5. The importance of obtaining executive support

5.1. Why should we pursue agile?

5.2. The cost of migrating

5.3. The risks in migrating

5.4. Rewards for the executives

5.5. Communicating frequently with your executive team

5.6. The role of the sponsor

5.7. Following Acme Media as the company obtains a sponsor

5.8. Key points

5.9. Looking forward

6. Improving buy-in by creating a core team

6.1. Who should be in the core team?

6.2. Choosing the core team at Acme Media

6.3. The kickoff meeting

6.4. Key points

6.5. Looking forward

7. The mindset of an agile leader

7.1. The role of an agile coach

7.2. Agile management: more shepherding, less directing

7.3. Creating a team with an agile mindset

7.4. Key points

7.5. Looking forward

8. Injecting agility into your current process

8.1. Understanding your current process

8.2. Enhancing the existing process

8.3. Key points

8.4. Looking forward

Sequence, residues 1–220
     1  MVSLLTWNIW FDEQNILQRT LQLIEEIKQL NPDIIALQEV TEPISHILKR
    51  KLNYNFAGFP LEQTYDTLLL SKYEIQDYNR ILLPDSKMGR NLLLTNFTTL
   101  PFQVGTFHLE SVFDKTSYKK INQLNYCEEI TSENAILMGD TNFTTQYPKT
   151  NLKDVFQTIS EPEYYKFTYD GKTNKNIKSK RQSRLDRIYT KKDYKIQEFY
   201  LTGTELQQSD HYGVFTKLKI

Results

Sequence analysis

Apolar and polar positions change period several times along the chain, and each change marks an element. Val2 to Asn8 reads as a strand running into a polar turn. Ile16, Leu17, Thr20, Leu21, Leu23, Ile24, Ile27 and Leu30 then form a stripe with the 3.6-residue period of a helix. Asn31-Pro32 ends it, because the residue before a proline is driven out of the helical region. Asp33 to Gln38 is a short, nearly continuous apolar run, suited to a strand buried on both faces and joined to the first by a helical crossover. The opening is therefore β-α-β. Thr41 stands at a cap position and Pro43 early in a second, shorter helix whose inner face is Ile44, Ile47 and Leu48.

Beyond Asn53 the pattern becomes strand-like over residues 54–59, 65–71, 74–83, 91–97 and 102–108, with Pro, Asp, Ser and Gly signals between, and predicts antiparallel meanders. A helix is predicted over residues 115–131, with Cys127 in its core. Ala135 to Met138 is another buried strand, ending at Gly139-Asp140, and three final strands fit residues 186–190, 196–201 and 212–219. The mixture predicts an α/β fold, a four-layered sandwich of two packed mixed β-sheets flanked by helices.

9. Selecting a pilot project

9.1. Characteristics of a good pilot

9.2. Evaluating projects at Acme Media

9.3. Key points

9.4. Looking forward

Part 3 Kicking off

10. Feasibility: is this project viable?

10.1. Feasibility in the big picture

10.2. Selecting a feasibility team

10.3. Introducing the known requirements

to the feasibility team === The go/no go decision === Alternate feasibility paths === Key points === Looking forward

11. Aligning the pilot team with the project

11.1. Identifying the pilot team

11.2. Preparing the pilot team

11.3. Envisioning the product

11.4. The tradeoff matrix

11.5. Project worksheet

11.6. Key points

11.7. Looking forward

Part 4 Populating the product backlog

12. Feature cards: a tool for “just enough” planning

12.1. The structure of a feature card

12.2. A team approach to creating feature cards

12.3. Feature cards compared to…